Origin coaches Kevin Walters and Brad Fittler

I've often compared rugby league to a pantomime and this year's State of Origin series certainly hasn’t let me down.

At ANZ Stadium next Wednesday night, the curtain will come down on the three-act performance that is the 2019 series.

Next Wednesday night is one of the most anticipated State of Origin games in the history of the men’s competition. Very few have given Queensland a chance, but that view is fraught with danger.

NSW fans have learnt never to underestimate their rivals from north of the border and given the pressure is firmly on the Blues they’re going to need to be as vigilant as ever in this department.

I'm expecting the Maroons to play much better than they did in game two and embrace the underdog tag.

My big question is: Which coach’s crazy techniques will give their team the edge?

Throughout the series, we've seen Maroons coach Kevvie Walters employ some unusual ideas.

It started in the lead-up to game one, where he declared a ban on the words "New South Wales" and "Blues" from his camp.

This led to a comical situation where journalists would ask the players about their opposition and they would bumble their way through the respective press conference, doing whatever they could do avoid saying those words.

For those playing at home, it's my understanding that Cameron Munster was the first to slip.

Words like "crazy" and "kooky" were used to describe Walters' approach heading into game one, no doubt influenced by the mysterious so-called coach whisperer he is leaning upon.

Walters and his tactics prevailed, and Queensland won game one at Suncorp Stadium 18-14.

Then conversation shifted to game two at Optus Stadium and it was Brad Fittler’s tactics that came into question.

New South Wales only lost game one by four points. In fact, some say that had Jack Wighton not thrown that intercept pass, which found the chest of Dane Gagai as he ran 90 metres to score, that the game may have gone a different way.

But when Freddie announced his squad for game two, it was his coaching that came under critique. Was he buckling under the pressure?

For game two, Freddie swung the axe. Out of his starting back line for game one, only three players were retained and Latrell Mitchell was sensationally dropped.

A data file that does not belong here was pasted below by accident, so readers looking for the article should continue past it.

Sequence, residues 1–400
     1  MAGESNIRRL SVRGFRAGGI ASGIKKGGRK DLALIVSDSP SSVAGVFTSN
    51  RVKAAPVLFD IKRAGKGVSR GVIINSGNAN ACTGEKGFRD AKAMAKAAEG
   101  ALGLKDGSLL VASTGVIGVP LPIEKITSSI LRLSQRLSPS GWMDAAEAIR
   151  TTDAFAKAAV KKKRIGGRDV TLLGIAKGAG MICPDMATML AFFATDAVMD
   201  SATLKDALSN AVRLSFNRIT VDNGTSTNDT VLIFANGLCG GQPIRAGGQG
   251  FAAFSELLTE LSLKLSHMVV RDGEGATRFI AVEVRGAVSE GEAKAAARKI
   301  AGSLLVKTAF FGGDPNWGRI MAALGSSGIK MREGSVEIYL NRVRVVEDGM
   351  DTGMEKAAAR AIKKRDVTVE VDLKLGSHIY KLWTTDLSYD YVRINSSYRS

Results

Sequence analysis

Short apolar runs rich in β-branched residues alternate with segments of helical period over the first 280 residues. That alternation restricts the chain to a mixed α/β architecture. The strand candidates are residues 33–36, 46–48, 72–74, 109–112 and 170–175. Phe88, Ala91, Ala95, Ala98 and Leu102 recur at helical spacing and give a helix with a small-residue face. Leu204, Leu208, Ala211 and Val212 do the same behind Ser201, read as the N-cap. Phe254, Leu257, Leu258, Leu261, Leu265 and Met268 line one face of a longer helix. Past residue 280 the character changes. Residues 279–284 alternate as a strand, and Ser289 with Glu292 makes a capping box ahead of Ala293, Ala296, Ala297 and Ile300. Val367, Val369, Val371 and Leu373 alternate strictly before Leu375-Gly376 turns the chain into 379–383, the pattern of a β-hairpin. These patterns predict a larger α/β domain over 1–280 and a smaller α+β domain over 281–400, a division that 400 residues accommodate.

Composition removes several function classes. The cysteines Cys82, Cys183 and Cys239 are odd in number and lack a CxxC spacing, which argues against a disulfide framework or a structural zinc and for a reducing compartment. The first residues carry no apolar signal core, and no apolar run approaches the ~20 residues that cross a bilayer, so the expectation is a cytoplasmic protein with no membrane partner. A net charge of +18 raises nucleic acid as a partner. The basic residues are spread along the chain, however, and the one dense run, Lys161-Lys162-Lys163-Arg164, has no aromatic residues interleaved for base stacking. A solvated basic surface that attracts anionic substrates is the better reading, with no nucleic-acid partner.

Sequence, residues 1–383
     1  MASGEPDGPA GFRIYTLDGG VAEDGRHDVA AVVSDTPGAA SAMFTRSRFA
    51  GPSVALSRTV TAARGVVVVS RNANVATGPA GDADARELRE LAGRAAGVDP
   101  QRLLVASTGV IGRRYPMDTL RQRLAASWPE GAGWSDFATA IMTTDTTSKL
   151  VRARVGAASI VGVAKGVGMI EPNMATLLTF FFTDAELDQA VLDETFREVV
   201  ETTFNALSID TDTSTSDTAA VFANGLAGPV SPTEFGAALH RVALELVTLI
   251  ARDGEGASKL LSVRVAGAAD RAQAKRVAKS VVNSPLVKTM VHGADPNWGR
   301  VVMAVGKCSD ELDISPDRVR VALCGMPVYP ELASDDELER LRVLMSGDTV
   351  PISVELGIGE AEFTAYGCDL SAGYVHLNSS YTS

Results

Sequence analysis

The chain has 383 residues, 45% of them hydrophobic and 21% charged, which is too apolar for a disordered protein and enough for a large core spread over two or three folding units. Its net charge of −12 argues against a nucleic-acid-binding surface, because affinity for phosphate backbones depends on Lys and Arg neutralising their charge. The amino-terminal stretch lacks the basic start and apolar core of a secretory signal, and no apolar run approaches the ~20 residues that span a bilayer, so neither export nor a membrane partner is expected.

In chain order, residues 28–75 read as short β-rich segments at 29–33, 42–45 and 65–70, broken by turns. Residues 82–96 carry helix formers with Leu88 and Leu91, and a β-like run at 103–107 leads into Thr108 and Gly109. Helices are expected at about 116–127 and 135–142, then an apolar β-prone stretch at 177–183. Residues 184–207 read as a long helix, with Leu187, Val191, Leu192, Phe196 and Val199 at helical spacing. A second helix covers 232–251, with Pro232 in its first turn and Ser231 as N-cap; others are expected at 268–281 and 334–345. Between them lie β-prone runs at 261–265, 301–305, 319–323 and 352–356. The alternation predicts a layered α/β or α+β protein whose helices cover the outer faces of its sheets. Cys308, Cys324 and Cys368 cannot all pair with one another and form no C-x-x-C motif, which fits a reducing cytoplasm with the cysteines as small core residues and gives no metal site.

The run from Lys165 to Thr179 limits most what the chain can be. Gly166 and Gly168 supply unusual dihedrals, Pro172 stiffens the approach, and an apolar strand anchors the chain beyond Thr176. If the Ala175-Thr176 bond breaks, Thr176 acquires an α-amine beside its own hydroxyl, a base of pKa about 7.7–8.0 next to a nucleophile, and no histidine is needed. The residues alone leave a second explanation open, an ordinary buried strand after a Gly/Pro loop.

Then there was a reshuffle to the forward pack following the injury to David Klemmer with the inclusions of Tariq Sims, Dale Finucane and Daniel Saifiti.

Despite the confusion around his selections, when the siren sounded at the end of the game many of us had to eat our words.

NSW were dominant in game two and beat Queensland 38-6. The master coach was back.

Now let's talk about game three.

Queensland certainly have a challenge ahead of them. They are still missing several key players including Jai Arrow and Kalyn Ponga both being ruled out through injury. But their forward pack is much improved given that Joe Ofahengaue is available and Christian Welch will make his Origin debut.

Walters is keeping his cards very close to his chest. The big question is who will play fullback for the Maroons given they have plenty of choice including Michael Morgan, Corey Norman and Cameron Munster.

We saw Walters give a passionate speech to the media earlier this week about how much the Maroons jersey means to him and his players. Will that passion be enough to get them across the line in game three at ANZ Stadium?

As for Freddy and his Blues, people have again been left baffled by his selections. Effectively the squad has remained the same as the one that won game two.

No doubt the pantomime leading into this game is continuing.

There are rumours coming out of Queensland camp every day about who will play in that fullback position. Freddie has offered no explanation as to why he has left out Klemmer and Nathan Cleary is still racing the clock to be fit in time for next Wednesday night.

But for Blues fans, rather than overthink it, perhaps it's best to simply trust the weird and wacky methods of Brad Fittler leading into this game with the hope that he’ll get the job done.